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Publication numberUS3097768 A
Publication typeGrant
Publication dateJul 16, 1963
Filing dateJan 11, 1960
Priority dateJan 11, 1960
Publication numberUS 3097768 A, US 3097768A, US-A-3097768, US3097768 A, US3097768A
InventorsAngelo G Tasca
Original AssigneeAerojet General Co
Export CitationBiBTeX, EndNote, RefMan
External Links: USPTO, USPTO Assignment, Espacenet
Fluid storage vessel
US 3097768 A
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Description  (OCR text may contain errors)

July 16, 1963 A. e. TASCA 3,097,768


ANGELO G. TASCA 36 BY United States This invention relates to improvements in a sealing device for a gas container, and refers more particularly to a pressure energized piston seal operating in a slidable closure associated with a gas holder.

In containers holding volatile fluids having high vapor pressures, it is desirable to have a sliding closure to allow for changes of pressure within the container caused by temperature variations. Usually, a conventional closure seal is not movable within the cylinder with volume changes or if the seal is slidable within the fluid container, the seal pressure is not increased with changes in fluid pressure and/ or temperature variation.

It is the object of this invention to provide a slidable closure having a seal which is self actuated by the fluid pressure acting within a container.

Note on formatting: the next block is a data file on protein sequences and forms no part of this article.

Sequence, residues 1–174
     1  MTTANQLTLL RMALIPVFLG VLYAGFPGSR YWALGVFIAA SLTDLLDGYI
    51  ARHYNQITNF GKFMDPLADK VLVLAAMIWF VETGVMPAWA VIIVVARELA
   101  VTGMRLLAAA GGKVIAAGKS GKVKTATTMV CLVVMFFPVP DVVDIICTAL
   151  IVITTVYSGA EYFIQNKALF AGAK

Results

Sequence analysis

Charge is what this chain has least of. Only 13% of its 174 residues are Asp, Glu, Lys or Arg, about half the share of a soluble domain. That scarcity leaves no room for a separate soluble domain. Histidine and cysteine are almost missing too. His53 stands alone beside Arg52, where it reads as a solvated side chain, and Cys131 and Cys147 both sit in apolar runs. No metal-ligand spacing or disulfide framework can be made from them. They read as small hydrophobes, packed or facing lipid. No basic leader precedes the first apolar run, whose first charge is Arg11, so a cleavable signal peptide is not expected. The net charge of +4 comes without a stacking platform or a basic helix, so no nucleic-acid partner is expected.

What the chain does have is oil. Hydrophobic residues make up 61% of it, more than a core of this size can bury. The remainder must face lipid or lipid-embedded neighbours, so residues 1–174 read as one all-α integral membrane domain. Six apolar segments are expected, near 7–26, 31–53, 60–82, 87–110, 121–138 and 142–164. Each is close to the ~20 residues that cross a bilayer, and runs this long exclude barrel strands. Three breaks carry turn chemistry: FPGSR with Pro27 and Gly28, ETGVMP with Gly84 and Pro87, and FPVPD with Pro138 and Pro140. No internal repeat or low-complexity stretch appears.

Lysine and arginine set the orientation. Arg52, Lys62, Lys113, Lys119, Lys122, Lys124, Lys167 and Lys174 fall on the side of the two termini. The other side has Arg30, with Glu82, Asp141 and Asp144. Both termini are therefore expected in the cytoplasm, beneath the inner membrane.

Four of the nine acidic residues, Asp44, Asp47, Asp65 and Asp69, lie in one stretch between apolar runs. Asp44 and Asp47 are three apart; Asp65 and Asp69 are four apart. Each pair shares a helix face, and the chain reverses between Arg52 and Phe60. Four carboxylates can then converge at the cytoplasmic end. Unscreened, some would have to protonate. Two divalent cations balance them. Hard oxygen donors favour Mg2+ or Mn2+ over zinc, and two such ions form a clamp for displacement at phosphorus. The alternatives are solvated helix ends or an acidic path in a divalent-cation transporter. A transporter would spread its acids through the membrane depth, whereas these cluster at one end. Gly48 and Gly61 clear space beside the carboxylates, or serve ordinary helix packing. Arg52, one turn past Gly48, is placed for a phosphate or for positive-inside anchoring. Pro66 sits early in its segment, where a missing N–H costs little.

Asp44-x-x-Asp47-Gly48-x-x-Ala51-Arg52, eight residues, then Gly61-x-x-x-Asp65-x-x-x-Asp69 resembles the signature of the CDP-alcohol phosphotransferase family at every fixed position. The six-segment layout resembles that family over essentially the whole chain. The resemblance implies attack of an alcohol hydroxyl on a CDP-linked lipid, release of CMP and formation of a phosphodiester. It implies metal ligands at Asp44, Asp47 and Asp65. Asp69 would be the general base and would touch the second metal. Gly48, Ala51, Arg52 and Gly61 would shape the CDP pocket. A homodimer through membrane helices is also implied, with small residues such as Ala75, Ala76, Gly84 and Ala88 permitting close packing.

A further object is to allow an increase of applied force accompanying an increase in deformation in seal material and a corresponding increase in unit sealing pressure.

A further object is to provide a self sealing closure in a fluid container slidable with volume variation and having a self-contained sealing apparatus.

Briefly described, the sealing device comprises compressible sealing material arranged within a wedgeshaped groove of a piston skirt that is interconnected with a piston head and operating in a fluid container. A tension device urges the piston head and skirt together compressing the seal material While great-er sealing pressures may be attained by directing greater fluid pressure to the piston head. Pressure directed to the underside of the piston head releases sealing pressure and allows the sealing device to be slidable with the container.

The objects, advantages and features of the present invention will be more apparent from the accompanying drawing and following detailed description.

In the drawing:

FIG. 1 is a top plan view of the present invention; and

FIG. 2 is an elevation sectional view taken along line 2-2 in the direction of the arrows.